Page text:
Of the many issues cooking on the Workout of the Day blog and CrossFit forums, few have generated as much heat as the butterfly kipping pull-up (BFK). The debates over this movement have been warming ever since a video of a 2:19 "Fran" performance by Brett Marshall (aka "AFT") was posted on CrossFit.com in the spring of 2007. More recently, I remember a comment at a CrossFit event that pejoratively classified AFT's pull-ups as "snake pull-ups." Early criticism focused on the use of the split bars that permitted those "snake pull-ups." However, when AFT put up a second-place performance at the 2007 CrossFit Games, it was clear that his pioneering movement was not an impediment to his fitness.
In the CrossFit Journal, Issue 70 Tony Budding's delightful, hard-hitting analysis in "Capacity Standards and Sport" puts the question into perspective: "Proper movement technique is nothing other than the most efficient, effective, and safe means for increasing power and work capacity." So, what of the argument that BFKs are fast but don't increase fitness? In my book, that would be a valid criticism if proven, and a good reason not to do only BFKs. (If we follow CrossFit's prescription for variation, that should never be a problem anyway.) However, my sense is that the real driver for all the vented frustration over BFKs arises primarily from a completely different issue--namely that CrossFit, and specifically the sport of fitness as contested at the CrossFit Games, is not fair. (See, for example, the continuing heated discussions of the BFK--and of fairness, technique, measurement, and competition--in the main page comments on June 26 of this year, spurred by the imminence of the 2008 Games and the posting of a new 2:02 record "Fran" performance.)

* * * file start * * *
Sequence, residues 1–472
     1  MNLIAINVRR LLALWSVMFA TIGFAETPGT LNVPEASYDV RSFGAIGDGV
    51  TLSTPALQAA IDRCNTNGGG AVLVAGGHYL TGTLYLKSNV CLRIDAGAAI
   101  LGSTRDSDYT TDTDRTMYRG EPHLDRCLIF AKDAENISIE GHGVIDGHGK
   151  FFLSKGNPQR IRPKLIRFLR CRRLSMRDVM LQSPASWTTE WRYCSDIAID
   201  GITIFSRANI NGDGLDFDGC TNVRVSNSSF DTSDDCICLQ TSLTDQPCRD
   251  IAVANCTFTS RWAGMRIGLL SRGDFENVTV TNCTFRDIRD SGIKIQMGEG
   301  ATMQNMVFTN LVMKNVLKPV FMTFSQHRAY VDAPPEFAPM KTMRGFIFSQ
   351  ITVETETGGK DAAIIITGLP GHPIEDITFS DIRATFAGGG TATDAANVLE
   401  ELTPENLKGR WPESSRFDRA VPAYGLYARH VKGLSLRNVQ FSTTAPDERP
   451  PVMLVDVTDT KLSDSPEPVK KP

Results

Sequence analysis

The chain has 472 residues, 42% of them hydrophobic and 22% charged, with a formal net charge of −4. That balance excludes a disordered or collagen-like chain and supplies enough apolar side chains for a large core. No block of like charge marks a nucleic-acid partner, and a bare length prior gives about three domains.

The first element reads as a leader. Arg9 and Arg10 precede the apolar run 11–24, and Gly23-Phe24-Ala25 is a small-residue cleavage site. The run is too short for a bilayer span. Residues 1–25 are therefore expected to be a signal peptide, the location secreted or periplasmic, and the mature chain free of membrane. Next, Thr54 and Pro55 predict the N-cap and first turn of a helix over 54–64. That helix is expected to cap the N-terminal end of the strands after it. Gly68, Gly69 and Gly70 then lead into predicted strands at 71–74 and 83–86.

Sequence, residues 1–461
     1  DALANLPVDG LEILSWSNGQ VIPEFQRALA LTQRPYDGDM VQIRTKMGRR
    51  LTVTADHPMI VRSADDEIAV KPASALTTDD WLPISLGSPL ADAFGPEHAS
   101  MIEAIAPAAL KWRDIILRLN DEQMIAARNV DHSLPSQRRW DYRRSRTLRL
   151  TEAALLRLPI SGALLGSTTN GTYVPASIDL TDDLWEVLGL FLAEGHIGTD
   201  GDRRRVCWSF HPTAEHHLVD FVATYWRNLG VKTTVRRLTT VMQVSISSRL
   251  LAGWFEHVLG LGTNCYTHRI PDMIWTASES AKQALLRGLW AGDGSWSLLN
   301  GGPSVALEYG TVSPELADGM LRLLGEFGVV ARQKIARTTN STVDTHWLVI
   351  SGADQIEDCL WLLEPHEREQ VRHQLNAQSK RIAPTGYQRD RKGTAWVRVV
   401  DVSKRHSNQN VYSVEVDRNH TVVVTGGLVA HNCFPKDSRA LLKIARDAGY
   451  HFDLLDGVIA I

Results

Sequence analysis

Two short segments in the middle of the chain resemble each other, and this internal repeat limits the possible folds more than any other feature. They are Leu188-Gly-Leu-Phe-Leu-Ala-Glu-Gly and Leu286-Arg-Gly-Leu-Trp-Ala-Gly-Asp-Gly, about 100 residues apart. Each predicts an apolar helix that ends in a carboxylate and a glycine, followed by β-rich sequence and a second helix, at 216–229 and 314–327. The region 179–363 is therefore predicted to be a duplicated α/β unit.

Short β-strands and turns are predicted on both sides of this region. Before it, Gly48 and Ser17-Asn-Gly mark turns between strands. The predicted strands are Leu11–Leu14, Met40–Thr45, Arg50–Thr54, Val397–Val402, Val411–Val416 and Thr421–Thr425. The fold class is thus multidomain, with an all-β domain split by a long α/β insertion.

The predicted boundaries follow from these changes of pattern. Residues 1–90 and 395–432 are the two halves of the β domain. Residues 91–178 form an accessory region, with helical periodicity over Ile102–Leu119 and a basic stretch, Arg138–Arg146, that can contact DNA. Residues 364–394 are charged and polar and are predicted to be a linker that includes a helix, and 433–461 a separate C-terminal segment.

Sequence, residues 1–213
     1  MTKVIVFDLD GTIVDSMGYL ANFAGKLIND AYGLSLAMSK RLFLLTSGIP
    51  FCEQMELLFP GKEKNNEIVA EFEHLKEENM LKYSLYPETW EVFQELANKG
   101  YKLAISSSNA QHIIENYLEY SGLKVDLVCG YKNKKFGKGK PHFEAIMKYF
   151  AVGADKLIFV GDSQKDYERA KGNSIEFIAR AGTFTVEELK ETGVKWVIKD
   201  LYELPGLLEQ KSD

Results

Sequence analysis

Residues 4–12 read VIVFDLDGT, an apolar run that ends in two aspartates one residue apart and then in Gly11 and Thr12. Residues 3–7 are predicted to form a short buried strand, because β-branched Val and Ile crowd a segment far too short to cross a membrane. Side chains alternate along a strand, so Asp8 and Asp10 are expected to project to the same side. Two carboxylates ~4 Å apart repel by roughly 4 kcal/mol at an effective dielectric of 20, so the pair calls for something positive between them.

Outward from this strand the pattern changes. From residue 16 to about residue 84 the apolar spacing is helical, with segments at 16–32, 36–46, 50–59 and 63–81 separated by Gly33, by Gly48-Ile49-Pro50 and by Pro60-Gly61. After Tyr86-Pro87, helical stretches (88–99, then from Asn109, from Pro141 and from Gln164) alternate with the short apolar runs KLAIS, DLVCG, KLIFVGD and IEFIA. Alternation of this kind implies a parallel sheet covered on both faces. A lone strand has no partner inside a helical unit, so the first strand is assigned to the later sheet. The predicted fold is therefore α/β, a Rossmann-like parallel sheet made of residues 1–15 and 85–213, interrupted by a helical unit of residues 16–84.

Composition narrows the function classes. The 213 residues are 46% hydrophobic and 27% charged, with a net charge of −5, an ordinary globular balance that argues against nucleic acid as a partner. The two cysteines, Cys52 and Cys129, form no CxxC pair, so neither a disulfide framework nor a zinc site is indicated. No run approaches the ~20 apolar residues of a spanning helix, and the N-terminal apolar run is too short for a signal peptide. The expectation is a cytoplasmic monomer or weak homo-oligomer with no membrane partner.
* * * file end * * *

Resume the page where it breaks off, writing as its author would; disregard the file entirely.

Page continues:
Paul "Apolloswabbie" Eich is a CrossFit Level-2 certified instructor. He is in his nineteenth year of service as a Naval officer and has logged over 3,000 hours in U.S. Navy aircraft. Paul trains in his garage gym and at CrossFit Memphis.